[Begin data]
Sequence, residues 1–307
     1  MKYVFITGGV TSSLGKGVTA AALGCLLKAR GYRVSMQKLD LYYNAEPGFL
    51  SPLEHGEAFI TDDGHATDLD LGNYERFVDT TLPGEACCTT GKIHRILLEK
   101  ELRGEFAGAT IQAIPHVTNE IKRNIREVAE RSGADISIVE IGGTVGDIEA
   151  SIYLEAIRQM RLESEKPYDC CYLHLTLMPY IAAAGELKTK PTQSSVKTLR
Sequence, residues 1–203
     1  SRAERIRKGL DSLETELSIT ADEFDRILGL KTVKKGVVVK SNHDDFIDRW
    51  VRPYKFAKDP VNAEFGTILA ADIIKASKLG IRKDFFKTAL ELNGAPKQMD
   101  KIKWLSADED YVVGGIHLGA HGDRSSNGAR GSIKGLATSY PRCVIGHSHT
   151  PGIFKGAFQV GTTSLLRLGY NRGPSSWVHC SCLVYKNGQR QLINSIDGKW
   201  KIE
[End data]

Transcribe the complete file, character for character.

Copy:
Sequence, residues 1–307
     1  MKYVFITGGV TSSLGKGVTA AALGCLLKAR GYRVSMQKLD LYYNAEPGFL
    51  SPLEHGEAFI TDDGHATDLD LGNYERFVDT TLPGEACCTT GKIHRILLEK
   101  ELRGEFAGAT IQAIPHVTNE IKRNIREVAE RSGADISIVE IGGTVGDIEA
   151  SIYLEAIRQM RLESEKPYDC CYLHLTLMPY IAAAGELKTK PTQSSVKTLR
Sequence, residues 1–203
     1  SRAERIRKGL DSLETELSIT ADEFDRILGL KTVKKGVVVK SNHDDFIDRW
    51  VRPYKFAKDP VNAEFGTILA ADIIKASKLG IRKDFFKTAL ELNGAPKQMD
   101  KIKWLSADED YVVGGIHLGA HGDRSSNGAR GSIKGLATSY PRCVIGHSHT
   151  PGIFKGAFQV GTTSLLRLGY NRGPSSWVHC SCLVYKNGQR QLINSIDGKW
   201  KIE